Saturday, April 26, 2014

The Song of the Snapdragon

My Uncle Van was a farmer, my Aunt Freda a gardner. They lived in a large farmhouse in the middle of acres and acres of almond and avocado trees in the fertile mid-section of California. Before you could even enter Freda and Van’s house, you had to walk past Freda's large (well…it seemed large to 4 year old me) flower garden. I always had to linger, I was just all enough to peek over the low white picket fence surrounding the garden area. And how could you walk past without admiring the vivid red and yellow tulips and the bright purple iris? But my favorite flowers stood in tall stalks at the back of the garden. After asking permission, I would carefully walk past the rows of lower, lesser blooms to the tall, willowy stalks of Snapdragons. Their red and yellow mouths had begun calling to me as soon as we drove down the lane toward Freda and Van’s home. Perhaps it was because they were the only flowers that I was allowed to pick. Perhaps it was their tender smiling faces or perhaps it was their sweet songs of happiness, sung to me at dusk in Freda’s garden. Snapdragons became forevermore my favorite flower. Freda grew a wide variety…bearded ones with gaping, toothless smiles; taller stalks with faces that peered into mine, supported by strings of cotton twine; shorter multi-colored ones, I loved them all. 

All of that Snapdragon love has not given me green thumbs, that is certain. Every year, I faithfully plant them…every year they grow…but none of my cultivating skills have produced the fabulous display like Freda’s garden. 

My snapdragons have, however, produced some memorable moments. One spring I planted some shorter stalks in a pot just outside the sliding glass door. I thought they would provide sweet music to me as I adjusted to single life (this was before I met and married Robert). I came home from work one day to find that grandchildren had visited while I was away….the flower pot was empty and all of the snapdragons were strewn about the uneven brick patio and dried to perfection in the Arizona sun. I stopped short of being mad- reminding myself that my grandchildren who were a part of me loved the flowers I loved. A few weeks later, after several days of rain, I discovered tiny green snapdragon stalks growing up from between the bricks of the patio. A gentle reminder that even on hard days, God will send Snapdragons to sing to me.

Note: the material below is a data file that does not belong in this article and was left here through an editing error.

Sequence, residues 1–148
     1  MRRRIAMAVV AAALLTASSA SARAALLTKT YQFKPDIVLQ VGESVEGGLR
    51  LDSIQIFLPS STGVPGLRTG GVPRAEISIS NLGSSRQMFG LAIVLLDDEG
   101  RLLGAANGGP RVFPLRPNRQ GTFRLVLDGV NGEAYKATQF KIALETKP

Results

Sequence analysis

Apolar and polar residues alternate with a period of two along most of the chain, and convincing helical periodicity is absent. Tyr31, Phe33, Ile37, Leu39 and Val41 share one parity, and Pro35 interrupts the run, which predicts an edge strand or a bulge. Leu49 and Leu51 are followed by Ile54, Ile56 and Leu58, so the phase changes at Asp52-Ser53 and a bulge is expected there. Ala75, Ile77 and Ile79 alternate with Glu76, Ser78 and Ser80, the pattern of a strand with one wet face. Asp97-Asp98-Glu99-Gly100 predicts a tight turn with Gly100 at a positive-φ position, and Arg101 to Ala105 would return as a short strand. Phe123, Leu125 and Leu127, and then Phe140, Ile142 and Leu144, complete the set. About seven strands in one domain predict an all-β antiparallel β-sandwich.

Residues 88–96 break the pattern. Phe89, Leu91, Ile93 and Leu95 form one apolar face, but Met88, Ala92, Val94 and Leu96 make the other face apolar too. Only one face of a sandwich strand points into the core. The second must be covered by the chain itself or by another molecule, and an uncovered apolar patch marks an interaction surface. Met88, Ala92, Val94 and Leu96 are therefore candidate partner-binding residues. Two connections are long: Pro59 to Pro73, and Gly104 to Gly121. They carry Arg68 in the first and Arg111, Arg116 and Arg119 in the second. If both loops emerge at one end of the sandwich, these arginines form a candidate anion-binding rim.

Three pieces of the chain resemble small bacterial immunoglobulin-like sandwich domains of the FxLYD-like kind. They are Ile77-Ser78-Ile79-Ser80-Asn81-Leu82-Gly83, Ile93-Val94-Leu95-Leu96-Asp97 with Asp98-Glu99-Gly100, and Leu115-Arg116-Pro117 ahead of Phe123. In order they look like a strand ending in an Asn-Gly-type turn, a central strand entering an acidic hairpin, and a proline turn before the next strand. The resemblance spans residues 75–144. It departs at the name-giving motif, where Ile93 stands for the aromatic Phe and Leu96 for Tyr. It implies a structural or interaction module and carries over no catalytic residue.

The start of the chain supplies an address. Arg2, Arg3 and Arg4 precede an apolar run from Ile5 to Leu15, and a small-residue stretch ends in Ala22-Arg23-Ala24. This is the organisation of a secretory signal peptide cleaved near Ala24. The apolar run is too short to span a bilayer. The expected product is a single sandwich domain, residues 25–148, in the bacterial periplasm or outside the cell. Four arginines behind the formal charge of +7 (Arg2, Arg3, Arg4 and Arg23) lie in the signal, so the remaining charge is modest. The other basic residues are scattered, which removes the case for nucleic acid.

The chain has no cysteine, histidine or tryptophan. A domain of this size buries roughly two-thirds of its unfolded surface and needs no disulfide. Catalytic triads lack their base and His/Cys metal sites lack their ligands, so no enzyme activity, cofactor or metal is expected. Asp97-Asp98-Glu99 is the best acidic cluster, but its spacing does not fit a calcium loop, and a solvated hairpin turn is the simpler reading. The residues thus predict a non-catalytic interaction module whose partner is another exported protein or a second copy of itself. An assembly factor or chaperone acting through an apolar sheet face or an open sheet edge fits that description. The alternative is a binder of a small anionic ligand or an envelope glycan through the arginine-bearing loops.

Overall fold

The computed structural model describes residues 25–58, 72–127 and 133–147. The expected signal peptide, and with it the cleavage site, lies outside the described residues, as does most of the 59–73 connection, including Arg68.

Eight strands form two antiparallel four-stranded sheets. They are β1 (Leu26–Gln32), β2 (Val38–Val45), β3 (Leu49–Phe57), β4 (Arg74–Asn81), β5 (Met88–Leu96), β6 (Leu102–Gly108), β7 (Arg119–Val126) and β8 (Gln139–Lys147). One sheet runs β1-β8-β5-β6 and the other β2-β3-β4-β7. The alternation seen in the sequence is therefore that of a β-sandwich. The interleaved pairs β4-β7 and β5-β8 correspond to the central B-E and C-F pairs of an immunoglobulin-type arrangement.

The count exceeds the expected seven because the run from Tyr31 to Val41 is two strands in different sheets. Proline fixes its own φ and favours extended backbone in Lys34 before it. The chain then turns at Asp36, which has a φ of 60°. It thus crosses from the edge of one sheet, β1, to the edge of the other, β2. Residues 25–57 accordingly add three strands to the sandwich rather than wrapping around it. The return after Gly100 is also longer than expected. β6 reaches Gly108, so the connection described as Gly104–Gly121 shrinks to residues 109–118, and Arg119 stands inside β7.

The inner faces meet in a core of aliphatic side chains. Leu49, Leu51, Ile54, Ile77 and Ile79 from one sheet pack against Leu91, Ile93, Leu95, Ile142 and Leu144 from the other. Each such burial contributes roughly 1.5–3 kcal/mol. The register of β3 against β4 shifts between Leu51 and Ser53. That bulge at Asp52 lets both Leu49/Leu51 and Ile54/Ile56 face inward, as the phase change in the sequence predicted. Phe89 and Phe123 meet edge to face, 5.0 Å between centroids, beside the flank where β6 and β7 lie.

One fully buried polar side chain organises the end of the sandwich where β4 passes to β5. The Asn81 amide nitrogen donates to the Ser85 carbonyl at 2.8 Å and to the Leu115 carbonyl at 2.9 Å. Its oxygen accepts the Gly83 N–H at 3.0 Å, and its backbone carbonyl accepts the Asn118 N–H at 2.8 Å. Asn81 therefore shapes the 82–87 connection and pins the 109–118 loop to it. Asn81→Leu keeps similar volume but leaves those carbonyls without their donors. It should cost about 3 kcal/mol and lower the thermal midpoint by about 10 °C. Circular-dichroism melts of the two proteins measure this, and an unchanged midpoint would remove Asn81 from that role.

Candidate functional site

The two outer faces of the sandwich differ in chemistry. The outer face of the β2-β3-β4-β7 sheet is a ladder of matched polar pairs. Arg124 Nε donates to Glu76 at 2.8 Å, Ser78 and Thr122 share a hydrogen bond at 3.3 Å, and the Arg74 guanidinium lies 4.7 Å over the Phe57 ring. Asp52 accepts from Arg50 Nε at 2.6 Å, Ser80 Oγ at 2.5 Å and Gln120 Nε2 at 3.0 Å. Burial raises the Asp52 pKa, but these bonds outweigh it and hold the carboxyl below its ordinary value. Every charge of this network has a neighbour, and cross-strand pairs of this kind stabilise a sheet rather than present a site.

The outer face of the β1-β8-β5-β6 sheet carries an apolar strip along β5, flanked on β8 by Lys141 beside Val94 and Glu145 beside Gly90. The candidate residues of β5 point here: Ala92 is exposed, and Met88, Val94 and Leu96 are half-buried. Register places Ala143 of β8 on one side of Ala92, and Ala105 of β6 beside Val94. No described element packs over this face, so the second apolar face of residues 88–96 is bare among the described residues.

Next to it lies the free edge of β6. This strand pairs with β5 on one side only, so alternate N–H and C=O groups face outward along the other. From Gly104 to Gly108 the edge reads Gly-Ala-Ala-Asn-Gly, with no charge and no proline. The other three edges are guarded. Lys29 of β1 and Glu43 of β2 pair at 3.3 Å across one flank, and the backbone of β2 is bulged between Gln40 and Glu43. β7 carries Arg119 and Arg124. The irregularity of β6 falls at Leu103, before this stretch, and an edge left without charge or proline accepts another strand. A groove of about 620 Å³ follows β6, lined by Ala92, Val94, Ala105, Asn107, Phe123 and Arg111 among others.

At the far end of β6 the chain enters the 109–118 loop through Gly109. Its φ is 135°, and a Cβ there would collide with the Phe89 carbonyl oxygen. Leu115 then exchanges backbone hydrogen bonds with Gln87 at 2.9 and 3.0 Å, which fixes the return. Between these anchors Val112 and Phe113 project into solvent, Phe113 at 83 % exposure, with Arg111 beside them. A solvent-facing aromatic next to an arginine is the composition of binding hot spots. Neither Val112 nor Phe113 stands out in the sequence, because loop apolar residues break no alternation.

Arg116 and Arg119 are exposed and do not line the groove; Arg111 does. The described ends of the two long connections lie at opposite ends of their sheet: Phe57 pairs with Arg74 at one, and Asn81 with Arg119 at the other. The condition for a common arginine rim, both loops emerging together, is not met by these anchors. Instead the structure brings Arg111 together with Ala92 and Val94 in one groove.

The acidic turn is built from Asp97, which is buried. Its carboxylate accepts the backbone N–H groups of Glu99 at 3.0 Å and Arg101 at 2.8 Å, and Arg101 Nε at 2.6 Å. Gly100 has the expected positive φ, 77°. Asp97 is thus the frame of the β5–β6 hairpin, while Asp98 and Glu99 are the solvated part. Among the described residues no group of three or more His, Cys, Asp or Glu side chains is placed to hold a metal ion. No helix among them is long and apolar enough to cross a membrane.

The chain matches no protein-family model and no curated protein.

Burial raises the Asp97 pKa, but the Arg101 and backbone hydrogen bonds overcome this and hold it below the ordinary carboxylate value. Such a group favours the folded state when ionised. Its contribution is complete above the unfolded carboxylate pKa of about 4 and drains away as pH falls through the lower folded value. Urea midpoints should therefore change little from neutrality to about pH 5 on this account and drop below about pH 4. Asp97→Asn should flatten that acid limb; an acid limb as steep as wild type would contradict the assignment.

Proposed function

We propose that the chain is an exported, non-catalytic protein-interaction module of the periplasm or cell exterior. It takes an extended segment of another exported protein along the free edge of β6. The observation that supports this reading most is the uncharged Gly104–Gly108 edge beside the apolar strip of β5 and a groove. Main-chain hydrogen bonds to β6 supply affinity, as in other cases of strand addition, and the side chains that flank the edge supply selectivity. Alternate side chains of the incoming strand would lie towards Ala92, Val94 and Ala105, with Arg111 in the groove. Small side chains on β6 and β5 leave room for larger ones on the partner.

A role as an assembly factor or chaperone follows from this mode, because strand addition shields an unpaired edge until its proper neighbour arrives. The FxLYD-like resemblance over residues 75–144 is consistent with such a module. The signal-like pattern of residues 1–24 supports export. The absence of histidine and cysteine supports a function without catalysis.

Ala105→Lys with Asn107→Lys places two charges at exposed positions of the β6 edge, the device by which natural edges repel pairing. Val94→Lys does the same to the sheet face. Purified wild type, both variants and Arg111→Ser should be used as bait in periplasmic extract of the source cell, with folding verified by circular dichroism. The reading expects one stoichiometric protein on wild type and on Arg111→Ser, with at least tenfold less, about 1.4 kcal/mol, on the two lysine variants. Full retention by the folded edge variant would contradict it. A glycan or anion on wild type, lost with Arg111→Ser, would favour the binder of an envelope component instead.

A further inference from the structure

Now I am adjusting again to the new and singular life of widowhood. The new yard and garden are a work in progress. Mostly, they’re a work. Lots of it. "The snapdragons can wait until it’s complete", I think, "the crowning touch". There are oleanders and ruella to trim. And weeds to pull. Ugg. Lots of weeds. I did the front yard…HOA, you know. But the back yard I left for another day. Most days are too busy. Some too hard. And some days I just don’t like doing more hard things like pulling weeds. But weeds grow anyway (why, weeds, why?). And hard things have to be done. So on a Friday afternoon, driving home from work, I made myself a promise that I would do that hard thing and pull the back yard weeds. And pull them I did. Thorns poked my fingers through my leather gloves, one weed was so thick and tall I nearly fell over as I pulled it loose from the ground. I think the weeds nearly won…I weeded one section, turned around to survey my work and discovered that more had grown where I had just been (really! I think that happened!). But as I worked my way around to the fence, I heard a familiar song. There, in the sharp rock along the fence grew a fat Snapdragon plant, the deep pink blossoms (my favorite shade of pink, too!) calling my name and cheering me on. I know where they came from. There were planted by a Miracle…because He knew that amid all the hard things in life, Snapdragons would sing songs of happiness and make me smile.